John Marsh

Fate of Original Company B Soldier
by Jeff Alderson

The March, 1997 issue of America’s Civil War magazine included an article summarizing the Sioux Uprising of 1862 in Minnesota. In the article "Sioux Terror on the Prairie" by John B. Kachuba, accounts of many of the atrocities and military actions taking place during the Sioux Uprising were presented. One incident depicted was the attempted relief of the Lower Sioux Agency by Captain John S. Marsh, commander of Company B 5th Minnesota Infantry. The article only mentioned in passing that he was a veteran of the First Battle of Bull Run with a Wisconsin Regiment.

John S. Marsh of Preston, Minnesota enlisted in Company B of the Second Wisconsin Infantry as a private on May 22, 1861. His experience appears to be uneventful while in service in a Wisconsin regiment. No notes regarding injury, illness, or bad conduct are present in the state rosters. He was discharged after First Bull Run in order to accept a commission of First Lieutenant in the 5th Minnesota Infantry.

In August of 1862 while his former Wisconsin comrades were seeing hard service at the Battle of Brawner Farm, Captain John Marsh had a number of troubles of his own. He was in command of a company near full strength in garrison at Fort Ridgely on the Minnesota River. For several days, refugees were arriving with stories of the Sioux raid on the Lower Sioux Agency outpost only 15 miles upstream. Marsh decided to act by first sending a corporal down the river to locate and retrieve a 50 man party of Company C 5th Minnesota that had recently departed Marsh’s post for Fort Ripley. He then set out with 46 other enlisted men of his command to relieve the Lower Sioux Agency. Remaining at Fort Ridgely were 29 of his soldiers led by a lieutenant sick with the mumps.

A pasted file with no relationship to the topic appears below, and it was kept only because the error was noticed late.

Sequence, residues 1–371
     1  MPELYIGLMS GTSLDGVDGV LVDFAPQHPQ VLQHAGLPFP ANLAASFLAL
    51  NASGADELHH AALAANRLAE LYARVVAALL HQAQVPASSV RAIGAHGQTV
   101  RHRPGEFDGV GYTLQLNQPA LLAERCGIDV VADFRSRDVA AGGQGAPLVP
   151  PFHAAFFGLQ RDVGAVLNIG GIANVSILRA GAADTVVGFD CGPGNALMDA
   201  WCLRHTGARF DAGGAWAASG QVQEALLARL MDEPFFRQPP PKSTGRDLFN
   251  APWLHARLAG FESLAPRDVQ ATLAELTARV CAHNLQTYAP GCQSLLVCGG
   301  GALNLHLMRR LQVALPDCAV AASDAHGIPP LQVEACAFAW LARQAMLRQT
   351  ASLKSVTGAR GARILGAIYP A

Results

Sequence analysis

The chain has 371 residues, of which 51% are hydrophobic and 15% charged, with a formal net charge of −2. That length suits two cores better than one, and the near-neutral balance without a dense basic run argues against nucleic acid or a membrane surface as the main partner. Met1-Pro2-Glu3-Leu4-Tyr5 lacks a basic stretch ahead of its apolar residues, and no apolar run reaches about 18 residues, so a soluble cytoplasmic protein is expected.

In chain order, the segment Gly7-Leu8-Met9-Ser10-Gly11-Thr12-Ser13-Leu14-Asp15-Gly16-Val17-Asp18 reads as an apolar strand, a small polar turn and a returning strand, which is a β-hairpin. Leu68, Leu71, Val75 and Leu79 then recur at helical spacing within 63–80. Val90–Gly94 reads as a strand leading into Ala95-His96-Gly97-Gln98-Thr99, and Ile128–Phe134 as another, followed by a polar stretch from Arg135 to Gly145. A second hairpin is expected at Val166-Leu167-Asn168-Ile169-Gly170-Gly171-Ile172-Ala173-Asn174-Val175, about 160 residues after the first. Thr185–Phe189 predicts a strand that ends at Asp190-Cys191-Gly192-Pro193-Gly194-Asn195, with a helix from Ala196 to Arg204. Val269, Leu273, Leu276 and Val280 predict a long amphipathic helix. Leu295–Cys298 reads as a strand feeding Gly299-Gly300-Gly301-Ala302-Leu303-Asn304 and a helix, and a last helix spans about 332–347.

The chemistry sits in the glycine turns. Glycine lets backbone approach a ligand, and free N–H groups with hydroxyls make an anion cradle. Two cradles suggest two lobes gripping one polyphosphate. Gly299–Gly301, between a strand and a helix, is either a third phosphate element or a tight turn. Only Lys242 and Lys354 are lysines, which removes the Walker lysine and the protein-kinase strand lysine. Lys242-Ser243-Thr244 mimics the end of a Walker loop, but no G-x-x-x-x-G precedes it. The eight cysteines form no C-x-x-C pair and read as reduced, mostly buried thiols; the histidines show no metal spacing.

Marsh led his men upriver on the northern bank. At the ferry by the agency, a boat was found tied to shore as if it had been prepared for them. On the opposite bank stood White Dog, a lesser Sioux chief known to be friendly to white settlers. White Dog signaled for Marsh and his men to cross the river. Marsh chose to cautiously remain on the northern bank. Without warning, a number of Sioux sprung their ambush from hiding places in the dense forest. Marsh and his men found themselves being fired on from three sides. Twelve soldiers were wounded almost immediately. Marsh led his men out of the ambush by retreating in a wood thicket along the riverbank. The survivors made their way back towards Fort Ridgely in this manner until the wood thicket ran out.

Analyzing his options, Marsh looked across the river and decided that the south bank would provide a safer route to Fort Ridgely. He ordered his men into the river and to swim for the opposite bank. In the middle of the river, he was seized with a cramp and went under the water. No one was able to save him. One of Marsh’s sergeants took over for the fallen captain and returned to the fort with only half of the men that had set out. With a veteran of the 2nd ending up dead in an Indian uprising on the frontier, one can only wonder what other interesting fates were met by the men of the Ragged Ass Second once they left its ranks.